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fined, as to justify all the charges of inefficiency which have been urged against it; and to require a degree of enlargement, which gives to the new system the aspect of an entire transformation of the old. In one particular, it is admitted, that the convention have departed from the tenor of their commission. Instead of reporting a plan requiring the confirmation of all the states, they have reported a plan, which is to be confirmed, and may be carried into effect, by nine states only. It is worthy of remark, that this objection, though the most plausible, has been the least urged in the publications which have swarmed against the convention.— The forbearance can only have proceeded from an irresistible conviction of the absurdity of subjecting the fate of twelve states to the perverseness or corruption of a thirteenth; from the example of inflexible opposition given by a majority of one sixtieth of the people of America, to a measure approved and called for by the voice of twelve states, comprising fifty-nine sixtieths of the people; an example still fresh in the memory and indignation of every citizen who has felt for the wounded honour and prosperity of his country. As this objection, therefore, has been in a manner waved by those who have criticised the powers of the convention, I dismiss it without further observation. The third point to be inquired into is, how far considerations of duty arising out of the case itself, could have supplied any defect of regular authority. In the preceding inquiries, the powers of the convention have been analyzed and tried with the same rigour, and by the same rules, as if they had been real and final powers, for the establishment of a constitution for the United States. We have seen, in what manner they have borne the trial, even on that supposition. It is time now to recollect, that the powers were merely advisory and recommendatory; that they were so meant by the states, and so understood by the convention ; and that the latter have accordingly planned and proposed a constitution, which is to be of no more consequence than the paper on which it is written, unless it be stamped with the approbation of those to whom it is addressed. This reflection places the subject in a point of view altogether different, and will enable us to judge with propriety of the course taken by the convention. Let us view the ground on which the convention stood. It may be collected from their proceedings, that they were deeply and unanimously impressed with the crisis, which had led their

country, almost with one voice, to make so singular and solemn an experiment, for correcting the errors of a system, by which this crisis had been produced; that they were no less deeply and unanimously convinced, that such a reform as they have proposed, was absolutely necessary to effect the purposes of their appointment. It could not be unknown to them, that the hopes and expectations of the great body of citizens, throughout this great empire, were turned with the keenest anxiety, to the event of their deliberations. They had every reason to believe, that the contrary sentiments agitated the minds and bosoms of every external and internal foe to the liberty and prosperity of the United States. They had seen in the origin and progress of the experiment, the alacrity with which the proposition, made by a single state, (Virginia,) towards a partial amendment of the confederation, had been attended to and promoted. They had seen the liberty assumed by a very few deputies, from a very few states, convened at Annapolis, of recommending a great and critical object, wholly foreign to their commission, not only justified by the public opinion, but actually carried into effect, by twelve out of the thirteen states. They had seen, in a variety of instances, assumptions by congress, not only of recommendatory, but of operative powers, warranted in the public estimation, by occasions and objects infinitely less urgent than those by which their conduct was to be governed. They must have reflected, that in all great changes of established governments, forms ought to give way to substance; that a rigid adherence in such cases to the former, would render nominal and nugatory, the transcendant and precious right of the people to “abolish or alter “ their governments as to them shall seem most likely to effect “ their safety and happiness”;” since it is impossible for the people spontaneously and universally, to move in concert towards their object: and it is therefore essential, that such changes be instituted by some informal and unauthorized propositions, made by some patriotie and respectable citizen, or number of citizens. They must have recollected, that it was by this irregular and assumed privilege, of proposing to the people plans for their safety and happiness, that the states were first united against the danger with which they were threatened by their ancient government; that committees and congresses were formed for concentrating their efforts, and defending their rights;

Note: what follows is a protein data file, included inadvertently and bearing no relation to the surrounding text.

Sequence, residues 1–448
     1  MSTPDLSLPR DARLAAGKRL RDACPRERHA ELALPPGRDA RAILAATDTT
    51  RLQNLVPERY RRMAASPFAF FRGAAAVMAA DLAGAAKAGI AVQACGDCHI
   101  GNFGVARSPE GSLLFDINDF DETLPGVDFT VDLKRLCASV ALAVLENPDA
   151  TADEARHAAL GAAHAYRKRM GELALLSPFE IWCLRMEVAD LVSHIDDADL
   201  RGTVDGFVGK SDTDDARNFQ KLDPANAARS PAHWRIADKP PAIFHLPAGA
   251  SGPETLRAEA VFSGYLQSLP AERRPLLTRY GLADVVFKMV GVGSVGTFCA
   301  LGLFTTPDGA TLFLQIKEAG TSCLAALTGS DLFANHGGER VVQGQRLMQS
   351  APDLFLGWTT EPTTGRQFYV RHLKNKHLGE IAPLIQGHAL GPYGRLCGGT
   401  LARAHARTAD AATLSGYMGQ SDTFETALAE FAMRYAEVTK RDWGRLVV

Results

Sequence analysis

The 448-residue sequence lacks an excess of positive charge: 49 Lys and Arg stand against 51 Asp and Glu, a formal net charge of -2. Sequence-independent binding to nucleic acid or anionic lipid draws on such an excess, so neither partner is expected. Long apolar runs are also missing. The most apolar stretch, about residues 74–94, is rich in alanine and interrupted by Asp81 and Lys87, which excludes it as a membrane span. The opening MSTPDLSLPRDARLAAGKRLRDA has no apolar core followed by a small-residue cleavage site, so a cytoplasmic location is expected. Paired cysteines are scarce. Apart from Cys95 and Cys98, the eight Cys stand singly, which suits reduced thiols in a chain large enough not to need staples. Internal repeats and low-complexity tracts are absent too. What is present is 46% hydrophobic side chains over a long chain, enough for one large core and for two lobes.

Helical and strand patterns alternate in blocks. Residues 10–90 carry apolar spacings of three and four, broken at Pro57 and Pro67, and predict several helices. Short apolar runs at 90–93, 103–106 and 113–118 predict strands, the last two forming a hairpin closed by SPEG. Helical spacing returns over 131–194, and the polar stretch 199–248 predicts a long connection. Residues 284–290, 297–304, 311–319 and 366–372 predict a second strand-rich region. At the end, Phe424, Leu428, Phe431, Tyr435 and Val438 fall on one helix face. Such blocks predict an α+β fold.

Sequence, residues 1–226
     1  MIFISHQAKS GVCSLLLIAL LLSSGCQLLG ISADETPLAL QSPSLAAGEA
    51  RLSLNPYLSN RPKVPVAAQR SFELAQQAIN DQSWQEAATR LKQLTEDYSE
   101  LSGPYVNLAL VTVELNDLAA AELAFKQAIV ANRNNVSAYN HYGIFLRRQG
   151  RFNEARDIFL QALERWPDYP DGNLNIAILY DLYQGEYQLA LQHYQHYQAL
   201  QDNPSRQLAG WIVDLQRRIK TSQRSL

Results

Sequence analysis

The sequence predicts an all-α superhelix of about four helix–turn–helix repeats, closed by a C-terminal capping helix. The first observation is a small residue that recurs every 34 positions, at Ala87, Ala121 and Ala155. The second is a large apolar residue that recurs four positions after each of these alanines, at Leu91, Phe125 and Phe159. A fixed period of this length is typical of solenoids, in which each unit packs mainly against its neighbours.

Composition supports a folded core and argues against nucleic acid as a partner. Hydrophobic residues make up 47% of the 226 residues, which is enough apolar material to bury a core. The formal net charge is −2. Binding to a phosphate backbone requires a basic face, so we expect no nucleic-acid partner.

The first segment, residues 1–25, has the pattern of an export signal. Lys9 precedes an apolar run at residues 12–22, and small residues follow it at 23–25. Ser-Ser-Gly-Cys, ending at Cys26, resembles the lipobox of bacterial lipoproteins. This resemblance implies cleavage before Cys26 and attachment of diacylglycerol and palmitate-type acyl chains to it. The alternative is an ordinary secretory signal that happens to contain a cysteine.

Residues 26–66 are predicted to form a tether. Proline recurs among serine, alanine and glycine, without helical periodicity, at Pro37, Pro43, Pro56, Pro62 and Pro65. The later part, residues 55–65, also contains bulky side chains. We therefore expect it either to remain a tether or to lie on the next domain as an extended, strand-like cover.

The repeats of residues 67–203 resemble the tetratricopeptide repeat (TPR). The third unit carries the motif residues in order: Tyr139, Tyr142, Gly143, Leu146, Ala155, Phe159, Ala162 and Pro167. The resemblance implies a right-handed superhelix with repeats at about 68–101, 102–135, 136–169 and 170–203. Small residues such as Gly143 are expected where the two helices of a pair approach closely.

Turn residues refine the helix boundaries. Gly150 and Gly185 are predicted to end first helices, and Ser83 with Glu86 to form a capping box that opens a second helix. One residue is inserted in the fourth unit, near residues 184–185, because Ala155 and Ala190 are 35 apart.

* Declaration of Independence.